Now we run KSpread with the --scriptfile argument that points to the delivered functions.py example.
# make the script executable chmod 755 `kde4-config --install data`/kspread/scripts/functions/functions.py # run KSpread kspread --scriptfile `kde4-config --install data`/kspread/scripts/functions/functions.py
The screenshot below shows KSpread using the new formula function "SCRIPT_TEST1" which was added and is handled in the functions.py script.
All at the functions.py script added formula functions are accessible via "Insert=>Function..." in the "Scripts" category.
Ideas for additional formula functions users may like;
Following samples are implementations of use-case scenarios KSpread could be used for. The scripts are simple executable files that run from within the commandline by using the "kross" application which is installed together with the Kross scripting framework.
The following Python script reads the OpenDocument Spreadsheet file "/home/kde4/invoicetemplate.ods" and writes the first sheet to a CSV (Comma Separated Value) file.
The complete csvexport.py script including the invoicetemplate.ods OpenDocument Spreadsheet file used as template is available as csvexport.tar.gz. Download, extract, edit the csvexport.py to change the "filename" and "csvfile" variables to point to the correct locations and execute the csvexport.py Python script ("chmod 755 csvexport.py" to make the script executable and "./csvexport.py" to execute the script).
The csvexport.py Python script looks like;
#!/usr/bin/env kross # The OpenDocument Spreadsheet file that we # like to read. filename = "/home/me/invoicetemplate.ods" # The CSV file we like to write to. csvfile = "/home/me/invoicetemplate.csv" # Import Kross and fetch the KSpread module. import Kross kspread = Kross.module("kspread") # Try to open the file. if not kspread.openUrl(filename): raise "Failed to open %s" % filename # Import the Python CSV module and create a writer. import csv csvwriter = csv.writer( open(csvfile,'w') ) # Get the sheet we like to export to the CSV file. sheet = kspread.sheetByName(kspread.sheetNames()) # Iterate now through all cells on the sheet. for row in range(1, sheet.lastRow() + 1): # Put the content of the row into the record-list. record =  for col in range(sheet.lastColumn() + 1, 1, -1): value = sheet.text(col, row) if value or len(record) > 0: record.insert(0,value) # If the record has at least one cell print it. if len(record) > 0: csvwriter.writerow( record )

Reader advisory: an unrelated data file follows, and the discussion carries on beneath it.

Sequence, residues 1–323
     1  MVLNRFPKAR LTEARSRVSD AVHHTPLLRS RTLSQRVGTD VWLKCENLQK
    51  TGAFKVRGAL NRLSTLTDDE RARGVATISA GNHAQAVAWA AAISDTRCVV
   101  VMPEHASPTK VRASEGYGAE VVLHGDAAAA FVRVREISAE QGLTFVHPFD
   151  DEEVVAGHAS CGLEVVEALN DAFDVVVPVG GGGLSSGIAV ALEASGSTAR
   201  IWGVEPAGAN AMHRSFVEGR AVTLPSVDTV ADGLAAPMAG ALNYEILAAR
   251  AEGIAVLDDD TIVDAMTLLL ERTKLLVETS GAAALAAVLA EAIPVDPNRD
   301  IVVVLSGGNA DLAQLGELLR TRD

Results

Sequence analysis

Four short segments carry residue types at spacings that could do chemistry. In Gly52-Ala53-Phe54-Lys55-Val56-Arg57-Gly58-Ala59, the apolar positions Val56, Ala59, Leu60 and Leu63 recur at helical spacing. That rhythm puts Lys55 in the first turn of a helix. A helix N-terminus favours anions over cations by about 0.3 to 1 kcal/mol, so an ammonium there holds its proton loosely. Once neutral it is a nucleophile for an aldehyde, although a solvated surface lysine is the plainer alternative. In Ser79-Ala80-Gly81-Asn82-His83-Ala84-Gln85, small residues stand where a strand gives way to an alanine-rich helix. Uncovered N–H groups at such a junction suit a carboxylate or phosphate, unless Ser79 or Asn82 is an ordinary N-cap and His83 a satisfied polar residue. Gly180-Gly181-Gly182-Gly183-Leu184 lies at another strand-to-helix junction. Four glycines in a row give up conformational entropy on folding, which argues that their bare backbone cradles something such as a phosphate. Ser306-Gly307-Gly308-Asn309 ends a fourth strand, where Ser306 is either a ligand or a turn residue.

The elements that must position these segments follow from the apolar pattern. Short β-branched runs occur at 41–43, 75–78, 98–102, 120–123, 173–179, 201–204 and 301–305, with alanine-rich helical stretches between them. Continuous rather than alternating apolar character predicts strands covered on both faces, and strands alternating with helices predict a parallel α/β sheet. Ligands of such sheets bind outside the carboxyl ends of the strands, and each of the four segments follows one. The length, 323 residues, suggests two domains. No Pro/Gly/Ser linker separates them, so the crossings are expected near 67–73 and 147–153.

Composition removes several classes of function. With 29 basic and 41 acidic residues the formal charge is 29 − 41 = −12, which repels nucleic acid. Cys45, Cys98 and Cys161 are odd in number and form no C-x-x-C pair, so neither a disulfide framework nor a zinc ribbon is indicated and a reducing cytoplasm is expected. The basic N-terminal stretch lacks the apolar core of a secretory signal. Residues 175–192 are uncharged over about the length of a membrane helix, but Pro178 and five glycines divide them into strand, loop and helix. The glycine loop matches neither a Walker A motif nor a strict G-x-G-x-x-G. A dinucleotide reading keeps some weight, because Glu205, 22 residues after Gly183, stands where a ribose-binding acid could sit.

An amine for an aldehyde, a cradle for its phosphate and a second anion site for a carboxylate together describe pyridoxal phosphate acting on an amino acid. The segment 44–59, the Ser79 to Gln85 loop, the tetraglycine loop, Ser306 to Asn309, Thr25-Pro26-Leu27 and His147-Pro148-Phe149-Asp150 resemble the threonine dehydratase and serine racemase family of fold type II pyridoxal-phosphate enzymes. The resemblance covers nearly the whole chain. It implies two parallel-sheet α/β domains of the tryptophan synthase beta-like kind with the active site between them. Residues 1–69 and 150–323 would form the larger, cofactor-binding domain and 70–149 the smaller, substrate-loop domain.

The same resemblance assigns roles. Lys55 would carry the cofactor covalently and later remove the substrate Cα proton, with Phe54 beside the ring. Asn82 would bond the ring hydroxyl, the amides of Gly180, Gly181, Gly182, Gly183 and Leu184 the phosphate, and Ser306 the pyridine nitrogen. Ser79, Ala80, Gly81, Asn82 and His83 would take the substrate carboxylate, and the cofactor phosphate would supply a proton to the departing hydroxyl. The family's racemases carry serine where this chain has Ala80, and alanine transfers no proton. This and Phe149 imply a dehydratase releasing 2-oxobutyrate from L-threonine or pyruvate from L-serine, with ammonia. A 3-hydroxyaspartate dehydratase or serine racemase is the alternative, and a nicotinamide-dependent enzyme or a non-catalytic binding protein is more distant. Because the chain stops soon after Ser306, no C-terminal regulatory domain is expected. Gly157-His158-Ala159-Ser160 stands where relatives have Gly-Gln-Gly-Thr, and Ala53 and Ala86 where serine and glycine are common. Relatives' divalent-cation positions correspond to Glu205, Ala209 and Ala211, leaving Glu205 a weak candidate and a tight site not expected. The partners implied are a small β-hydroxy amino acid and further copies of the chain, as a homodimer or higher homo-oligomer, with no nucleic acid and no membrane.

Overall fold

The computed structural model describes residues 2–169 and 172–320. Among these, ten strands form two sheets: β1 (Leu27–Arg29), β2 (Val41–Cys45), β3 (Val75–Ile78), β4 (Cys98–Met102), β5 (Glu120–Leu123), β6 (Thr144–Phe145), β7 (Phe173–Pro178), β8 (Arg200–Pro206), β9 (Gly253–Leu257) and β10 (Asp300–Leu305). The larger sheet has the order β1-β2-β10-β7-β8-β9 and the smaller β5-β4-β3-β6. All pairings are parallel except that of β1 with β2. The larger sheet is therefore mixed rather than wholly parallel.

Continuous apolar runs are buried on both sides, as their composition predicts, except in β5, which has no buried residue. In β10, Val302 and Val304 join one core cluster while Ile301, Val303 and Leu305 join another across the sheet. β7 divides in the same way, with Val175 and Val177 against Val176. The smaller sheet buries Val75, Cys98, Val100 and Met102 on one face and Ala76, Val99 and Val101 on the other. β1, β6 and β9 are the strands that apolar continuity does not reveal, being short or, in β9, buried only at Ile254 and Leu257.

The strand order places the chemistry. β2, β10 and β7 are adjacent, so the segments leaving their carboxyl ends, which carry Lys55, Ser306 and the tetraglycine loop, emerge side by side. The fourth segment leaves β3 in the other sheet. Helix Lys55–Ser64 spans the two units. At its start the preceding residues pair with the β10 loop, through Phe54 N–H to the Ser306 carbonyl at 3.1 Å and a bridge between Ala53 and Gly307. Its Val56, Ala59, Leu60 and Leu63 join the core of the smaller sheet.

The htmlexport.py Python script distributed with KSpread could also be executed from the commandline;
# make the script executable chmod 755 `kde4-config --install data`/kspread/scripts/extensions/htmlexport.py # run the script `kde4-config --install data`/kspread/scripts/extensions/htmlexport.py